Evolve: story of small changes


Evolve is a Wandsworth-based service that offers intensive support to young people and young adults who are at risk of, or affected by, going missing, child exploitation, gangs or serious youth violence. Beth Kelly, Service Manager, and Elisha Myton, Senior Information Analyst, reflect on their experience of implementing small changes within Evolve, and the impact the project has had on their service.

When the Crescendo team first got in touch with our service to discuss small changes, we were sensing, across the team, that practitioners were spending a lot of time on unnecessary, or unimpactful, tasks – attending irrelevant meetings and spending too long typing up case notes which weren’t necessary for supporting young people or evidencing best practice. This was taking time away from direct work with young people, which is where the really impactful work happens. We were also feeling a bit down about the extensive scrutiny and auditing that our work attracts, due to the high-risk nature of our cases, and we thought that our service lacked a distinct identity, which diluted our ability to push back on irrelevant tasks and to effect bottom-up change.

The Crescendo team supported us to identify and implement four small changes to address these issues:

  • Introducing a protected time slot of 12.30-5pm every working day for practitioners to spend on face-to-face work with young people, incorporated into our email signatures and communicated to the wider organisation.
  • Drafting a charter to describe the nature and value of Evolve’s work with young people.
  • Trialling the use of voice-notes to record case notes more efficiently, and in a targeted way, that captures everything appropriate to statutory requirements but without containing extraneous information. Including co creating the recording with the young person/their parents carers so that their voices and story becomes clearer and clearer through our recordings of our work.
  • Setting up a committee of young people to advise on all aspects of the service – recruitment, delivery, and decision-making.

These small changes were developed through a series of workshops between the Crescendo and Evolve teams, with smaller sub-groups taking a lead on different small changes.

Since these changes have been implemented, practitioners have reported that the protected slots in their calendars have allowed them to allocate their time better; they’ve also gained the confidence to push back on meeting invites where their attendance wouldn’t have a clear purpose. Practitioners believe that using voice-recordings will allow them to more efficiently record notes from meetings with young people, and may allow for more co-production, as the young people will be able to voice their wishes, feelings and experiences from their own perspectives using their own voice (rather than through our interpretation). Overall, the small changes have helped us to connect with the purpose of our roles, which is carrying out or facilitating direct work with children and young people to increase their well-being and safety and improve their outcomes.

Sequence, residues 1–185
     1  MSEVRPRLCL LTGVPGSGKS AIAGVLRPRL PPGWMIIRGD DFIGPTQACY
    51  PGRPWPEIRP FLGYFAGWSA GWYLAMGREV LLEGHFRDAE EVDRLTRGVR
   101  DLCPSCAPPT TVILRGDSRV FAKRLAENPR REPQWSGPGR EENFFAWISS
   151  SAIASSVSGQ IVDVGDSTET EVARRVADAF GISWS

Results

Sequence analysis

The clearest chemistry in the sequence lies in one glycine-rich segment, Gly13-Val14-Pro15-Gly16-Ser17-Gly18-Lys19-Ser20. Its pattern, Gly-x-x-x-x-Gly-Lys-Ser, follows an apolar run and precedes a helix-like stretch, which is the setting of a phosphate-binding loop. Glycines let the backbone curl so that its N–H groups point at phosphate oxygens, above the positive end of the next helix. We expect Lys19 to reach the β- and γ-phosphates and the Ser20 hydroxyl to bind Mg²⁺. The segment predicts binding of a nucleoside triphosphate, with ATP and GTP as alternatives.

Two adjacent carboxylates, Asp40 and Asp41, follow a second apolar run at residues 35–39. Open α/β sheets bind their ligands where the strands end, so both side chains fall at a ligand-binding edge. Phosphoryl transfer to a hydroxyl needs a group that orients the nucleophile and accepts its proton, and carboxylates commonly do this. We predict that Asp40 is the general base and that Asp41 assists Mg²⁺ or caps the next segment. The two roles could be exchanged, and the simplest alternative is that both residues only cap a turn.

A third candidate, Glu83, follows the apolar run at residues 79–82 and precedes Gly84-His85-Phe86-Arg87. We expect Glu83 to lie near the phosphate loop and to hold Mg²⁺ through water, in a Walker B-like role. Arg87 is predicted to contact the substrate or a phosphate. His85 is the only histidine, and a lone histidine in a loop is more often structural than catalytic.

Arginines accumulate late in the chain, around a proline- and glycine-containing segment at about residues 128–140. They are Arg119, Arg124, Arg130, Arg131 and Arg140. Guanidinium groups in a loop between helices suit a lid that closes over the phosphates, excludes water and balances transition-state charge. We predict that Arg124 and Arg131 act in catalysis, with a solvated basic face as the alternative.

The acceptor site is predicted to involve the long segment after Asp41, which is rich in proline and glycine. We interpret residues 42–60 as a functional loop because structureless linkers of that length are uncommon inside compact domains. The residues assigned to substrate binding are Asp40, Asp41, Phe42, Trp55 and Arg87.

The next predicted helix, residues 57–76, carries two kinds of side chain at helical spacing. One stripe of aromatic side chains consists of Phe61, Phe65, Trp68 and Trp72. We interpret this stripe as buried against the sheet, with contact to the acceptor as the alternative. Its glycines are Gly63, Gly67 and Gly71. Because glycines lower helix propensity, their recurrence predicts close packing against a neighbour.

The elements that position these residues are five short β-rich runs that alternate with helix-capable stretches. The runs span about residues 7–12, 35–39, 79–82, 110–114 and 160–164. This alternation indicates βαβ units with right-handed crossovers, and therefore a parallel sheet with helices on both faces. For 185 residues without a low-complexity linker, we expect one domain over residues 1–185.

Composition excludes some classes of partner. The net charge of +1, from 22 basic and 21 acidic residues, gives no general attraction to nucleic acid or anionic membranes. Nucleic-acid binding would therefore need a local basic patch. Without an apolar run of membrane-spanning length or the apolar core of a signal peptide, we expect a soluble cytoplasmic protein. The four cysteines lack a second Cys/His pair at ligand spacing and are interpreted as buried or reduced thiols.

There were a few key factors which influenced the success of these small changes. The most important factor was the continuous communication and buy-in from both within the team, and with senior management and other services across Wandsworth. There were a few push and pull factors; key leadership figures encouraged us to be creative and think outside of the box, while the Crescendo team were integral in helping us realise that change was possible, through their inspirational content and motivational energy. We also felt boosted just by the fact that their team had been picked to pilot this new way of working! We’ve noticed some evidence that our approach is ‘cascading’ around the wider local authority; others have noticed our example, particularly around protected time, and have started to critically reflect on the frequency and scope of the meetings they’re scheduling.

There have been a few barriers along the way – there’s been lots of change across the local authority since the beginning of the project, so incubating these changes in a culture of uncertainty has been tricky. When we’ve been communicating bold moves, it’s been helpful for us to remind people that this exercise is all about better aligning our services with supporting better outcomes in young people.

Taking part in small changes has really helped give us hope that we can change our sector for the better. It’s not unusual to hear “Wow, we can really do that!?” when we’re in team meetings now; there’s a sense of disbelief that the changes we want to make are possible, and that changes to the service can benefit direct practice, and not just reporting to management. Change finally means refocusing our roles towards practice! This project helped us critically think about ‘why’ we’re doing the work that we’re doing on any given day; why are we discussing this young person abstractly in a meeting rather than going out to see them? The Crescendo team have been integral to this; they’ve been so attentive, supporting and encouraging, providing encouragement, clarity of thought and a listening ear, which has helped us to feel like our voices and investment are important. That’s helped us to reflect on our involvement with young people, and how we can lift them up to help them feel empowered in their lives.

Share this article